Movie Post: About Time written and directed by Richard Curtis

About Time is largely advertised  as being from the makers of Notting Hill, Love Actually, and Four Weddings and a Funeral. And the film nods politely to all three of its ancestors.  Notting Hill and Four Weddings and a Funeral were carried by Hugh Grant’s bumbling and boyish charm, and Love Actually by Bill Nighy’s performance as an over-the-hill rock-singer, as well as a packet of sweet and moving love stories.

About Time capitalizes on both.  Like Hugh Grant, Domhnall Gleeson is all boyishness and sweetness and bumbling good will. Without the classic handsomeness of Grant, Gleeson’s is a more affecting, more real character. The same can be said of his love interest played by Rachel McAdams. Her simple beauty is open and fresh and void of Hollywood sheen. And together they make a couple we might know, whom we like and root for.

But it is Bill Nighy who anchors the piece.  Has Nighy  become the go-to-guy when someone needs a somewhat eccentric, aging British male, who is always ready to give the finger to the establishment and to all that it expects of him?  If so, he does it wonderfully. (See his character in Love Actually, Pirate Radio, even the Last Marigold Hotel).

Bill Nighy (August 16, 2012 - Source: PacificCoastNews.com)

Bill Nighy
(August 16, 2012 – Source: PacificCoastNews.com)

At first, the plot sounds a bit of a stretch–on New Year’s day of his 21st year, a young man Tim (Gleeson) is told by his father (Nighy) that the men in their family have the ability to travel in time. This is not H.G. Wells science-fiction stuff, however, simply the ability to return to a moment and correct any faux pas that one might have made.  You know those moments that only after they have passed do you realize what you should have said, should have done? (The French have a phrase for those moments–l’esprit de l’escalier.)  Well, what Tim’s father is giving him is the chance to always go back and say or do that right thing, make that suave gesture, deliver that saving grace.

Dubious of his father’s newly shared secret, Tim tests his new power immediately by returning to the previous night’s New Year’s Eve party where he had slighted a young woman at midnight (a slight that had him tossing in his sleep all night long.)  He is able to correct what happened and is rewarded by a smile on the young woman’s face where there had once been pain.

The remainder of the film follows Tim as he courts Mary (McAdams), prevents disasters for his roommate, and tries to save his sister’s descent into a damaging and abusive relationship.  His attempts are charming and amusing–his first night with Mary is filled with many “do-overs” until he has it down perfectly–and the goodness and sincerity of his wishes are heartwarming.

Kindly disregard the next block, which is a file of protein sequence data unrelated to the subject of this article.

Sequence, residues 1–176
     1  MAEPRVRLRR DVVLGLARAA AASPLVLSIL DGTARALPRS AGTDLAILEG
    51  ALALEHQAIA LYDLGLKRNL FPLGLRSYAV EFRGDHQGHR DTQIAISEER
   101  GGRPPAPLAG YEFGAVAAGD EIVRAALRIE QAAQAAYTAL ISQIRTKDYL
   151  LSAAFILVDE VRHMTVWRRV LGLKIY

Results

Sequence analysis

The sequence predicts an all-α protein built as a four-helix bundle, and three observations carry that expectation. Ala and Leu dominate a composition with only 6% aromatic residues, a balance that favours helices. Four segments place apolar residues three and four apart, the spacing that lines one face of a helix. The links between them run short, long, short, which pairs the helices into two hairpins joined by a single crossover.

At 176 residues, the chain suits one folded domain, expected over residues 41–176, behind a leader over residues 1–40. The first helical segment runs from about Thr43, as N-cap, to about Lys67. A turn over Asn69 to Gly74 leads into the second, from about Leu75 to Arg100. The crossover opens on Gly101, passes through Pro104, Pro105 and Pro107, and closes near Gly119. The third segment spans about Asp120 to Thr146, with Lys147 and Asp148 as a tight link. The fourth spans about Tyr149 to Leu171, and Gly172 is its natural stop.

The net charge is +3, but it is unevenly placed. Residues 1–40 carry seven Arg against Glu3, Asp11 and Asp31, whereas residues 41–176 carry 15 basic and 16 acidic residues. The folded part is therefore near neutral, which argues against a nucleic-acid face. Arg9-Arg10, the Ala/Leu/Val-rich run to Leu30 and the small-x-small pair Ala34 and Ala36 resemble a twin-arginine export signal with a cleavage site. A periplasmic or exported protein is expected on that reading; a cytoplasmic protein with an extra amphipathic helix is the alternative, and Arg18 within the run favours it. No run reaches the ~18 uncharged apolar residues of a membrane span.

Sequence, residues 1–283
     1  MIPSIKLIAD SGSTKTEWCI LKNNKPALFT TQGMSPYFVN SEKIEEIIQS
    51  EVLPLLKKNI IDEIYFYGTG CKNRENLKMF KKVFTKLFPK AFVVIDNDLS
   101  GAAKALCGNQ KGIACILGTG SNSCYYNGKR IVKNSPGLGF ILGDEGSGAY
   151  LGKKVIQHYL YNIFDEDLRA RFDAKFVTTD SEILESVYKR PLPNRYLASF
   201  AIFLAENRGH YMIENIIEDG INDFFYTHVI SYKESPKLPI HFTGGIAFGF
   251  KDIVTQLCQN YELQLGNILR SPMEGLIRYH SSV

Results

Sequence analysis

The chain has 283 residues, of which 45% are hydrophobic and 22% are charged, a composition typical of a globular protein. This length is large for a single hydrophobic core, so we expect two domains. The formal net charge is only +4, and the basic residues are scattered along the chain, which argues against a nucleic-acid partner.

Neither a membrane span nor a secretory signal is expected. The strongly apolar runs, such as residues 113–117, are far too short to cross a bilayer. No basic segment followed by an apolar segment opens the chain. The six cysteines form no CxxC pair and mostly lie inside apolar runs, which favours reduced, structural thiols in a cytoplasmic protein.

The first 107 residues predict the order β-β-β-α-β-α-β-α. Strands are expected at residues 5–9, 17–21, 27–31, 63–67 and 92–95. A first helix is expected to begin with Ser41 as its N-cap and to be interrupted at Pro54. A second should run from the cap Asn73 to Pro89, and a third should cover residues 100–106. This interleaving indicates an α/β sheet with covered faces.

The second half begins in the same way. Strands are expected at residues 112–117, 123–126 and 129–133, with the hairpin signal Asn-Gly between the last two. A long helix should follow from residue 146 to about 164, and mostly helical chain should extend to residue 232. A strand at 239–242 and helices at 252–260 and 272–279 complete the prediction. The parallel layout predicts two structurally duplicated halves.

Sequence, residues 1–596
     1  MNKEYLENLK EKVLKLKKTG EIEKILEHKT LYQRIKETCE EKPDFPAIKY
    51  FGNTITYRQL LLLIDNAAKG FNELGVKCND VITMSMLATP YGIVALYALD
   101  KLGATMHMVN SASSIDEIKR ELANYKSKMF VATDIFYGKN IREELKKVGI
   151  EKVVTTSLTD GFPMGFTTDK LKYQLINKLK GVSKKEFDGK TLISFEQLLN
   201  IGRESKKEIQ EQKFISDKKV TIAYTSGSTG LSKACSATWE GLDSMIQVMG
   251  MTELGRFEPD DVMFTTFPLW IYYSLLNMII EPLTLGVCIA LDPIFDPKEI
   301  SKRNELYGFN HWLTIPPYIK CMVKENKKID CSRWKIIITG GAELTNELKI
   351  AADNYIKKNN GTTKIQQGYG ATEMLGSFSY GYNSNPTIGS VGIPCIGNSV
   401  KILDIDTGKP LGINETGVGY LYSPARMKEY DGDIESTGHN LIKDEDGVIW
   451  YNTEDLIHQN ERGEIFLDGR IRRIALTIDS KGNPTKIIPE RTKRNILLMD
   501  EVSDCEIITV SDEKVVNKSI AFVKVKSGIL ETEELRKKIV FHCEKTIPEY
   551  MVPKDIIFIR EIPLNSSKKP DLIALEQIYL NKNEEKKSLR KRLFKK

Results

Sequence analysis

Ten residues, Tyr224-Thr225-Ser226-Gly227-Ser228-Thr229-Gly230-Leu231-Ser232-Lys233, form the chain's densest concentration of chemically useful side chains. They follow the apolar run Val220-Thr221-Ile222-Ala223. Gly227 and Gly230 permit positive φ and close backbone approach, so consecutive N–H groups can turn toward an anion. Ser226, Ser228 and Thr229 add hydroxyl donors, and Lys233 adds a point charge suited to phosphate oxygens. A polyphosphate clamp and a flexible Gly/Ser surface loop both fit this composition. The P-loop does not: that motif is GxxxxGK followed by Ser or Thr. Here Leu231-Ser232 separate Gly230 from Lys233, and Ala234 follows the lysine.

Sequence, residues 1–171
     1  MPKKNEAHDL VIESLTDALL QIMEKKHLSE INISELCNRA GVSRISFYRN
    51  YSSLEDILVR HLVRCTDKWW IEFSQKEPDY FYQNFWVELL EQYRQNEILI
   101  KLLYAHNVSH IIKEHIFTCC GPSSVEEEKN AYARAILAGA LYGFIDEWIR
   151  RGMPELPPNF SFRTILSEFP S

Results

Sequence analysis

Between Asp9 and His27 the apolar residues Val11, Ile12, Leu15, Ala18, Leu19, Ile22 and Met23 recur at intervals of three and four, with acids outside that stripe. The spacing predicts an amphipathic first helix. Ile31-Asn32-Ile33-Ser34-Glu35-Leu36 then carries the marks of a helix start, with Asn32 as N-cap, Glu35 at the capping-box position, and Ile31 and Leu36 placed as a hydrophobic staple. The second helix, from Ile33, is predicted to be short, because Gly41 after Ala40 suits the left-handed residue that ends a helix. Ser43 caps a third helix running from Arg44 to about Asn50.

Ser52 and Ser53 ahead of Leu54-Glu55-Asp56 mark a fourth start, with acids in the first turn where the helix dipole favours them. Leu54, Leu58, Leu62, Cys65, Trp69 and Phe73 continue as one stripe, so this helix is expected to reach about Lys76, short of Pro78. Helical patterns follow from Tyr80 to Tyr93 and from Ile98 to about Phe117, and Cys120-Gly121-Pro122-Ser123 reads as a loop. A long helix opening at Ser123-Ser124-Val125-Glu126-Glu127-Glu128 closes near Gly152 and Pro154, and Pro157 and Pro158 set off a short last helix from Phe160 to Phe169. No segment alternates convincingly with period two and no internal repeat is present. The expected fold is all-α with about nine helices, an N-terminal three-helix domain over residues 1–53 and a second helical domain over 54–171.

Rachel McAdams and Donhail Gleeson in About Time Photo by Murray Close - © 2013 - Universal Pictures

Rachel McAdams and Domhnall Gleeson
in About Time
Photo by Murray Close – © 2013 – Universal Pictures

But it is the eminent death of his father that is the most poignant.

Moving seamlessly from a cute romantic-comedy to a poignant examination of fatherhood and family, About Time surprises us with an emotional wallop that we weren’t really prepared for. But it works perfectly.  The father’s last request of sharing a time-travel with his son is beautifully filmed and presented.

Richard Curtis’s films are regularly sweet confections, mixed with a comforting dollop of poignancy. (Who could forget the recitation of Auden’s “Funeral Blues” during the one funeral in Four Weddings and a Funeral?) With About Time, Curtis has perfected his style. It is a funny, romantic and sweet film…but what separates it from the rest of the pack is a certain emotional sophistication.

I think it is a beautiful film.

Here’s the trailer.

About Time

Movie Review: The Best Exotic Marigold Hotel…meh

A handful of retirees move to India because elder-care is cheaper there and recent events have altered their vision of what their lives would be like back home in England.  And so separately they move to the Best Exotic Marigold Hotel, advertised for the beautiful and the elderly… a hotel which is still in the early stages of reconstruction.

I wanted to like this film very much.

Afterall, there were magnificent actors:

 Judi Dench
Bill Nighy
Maggie Smith
Tom Wilkerson
Dev Patel
Celie Imrie
Penelope Wilton
Ronald Pickup

There were touching and interesting stories:

• A gay man returning to find an ex-love he believed he had ruined
• A widowed woman trying to be responsible for herself for the first time in forty years
• Young lovers being thwarted by a mother’s demand on arranged marriage
• A decent husband battered by an over-demanding, narrow-minded wife
• A woman wanting one last try at romance
• A man wanting one last try at romance
• Another woman wanting one last try at romance
• A bigoted woman going to India for a hip replacement because she can’t wait for the NHS
• A couple who lost everything in bad investments

And there was extraordinary photography and marvelous settings.

And yet, it all seemed too much…it all seemed to run together.  The film couldn’t seem to decide whether it wanted to be a mad-cap comedy, a fish-out-of-water study, a sentimental love story, a heart-breaking love story, a droll study of old imperialists visiting a once held colony, a humorous clash of cultures. It seem to need a tighter focus.

There is a point made in the film that India is a barrage on the senses; sounds, smells, tastes, sights, textures all come crashing upon the visitor in a way that is often overwhelming.  This seems to describe The Best Exotic Marigold Hotel as well. There was just much too much.

Did I enjoy it?  Yes, it was enjoyable.

Will I forget it? Yes, it is forgettable.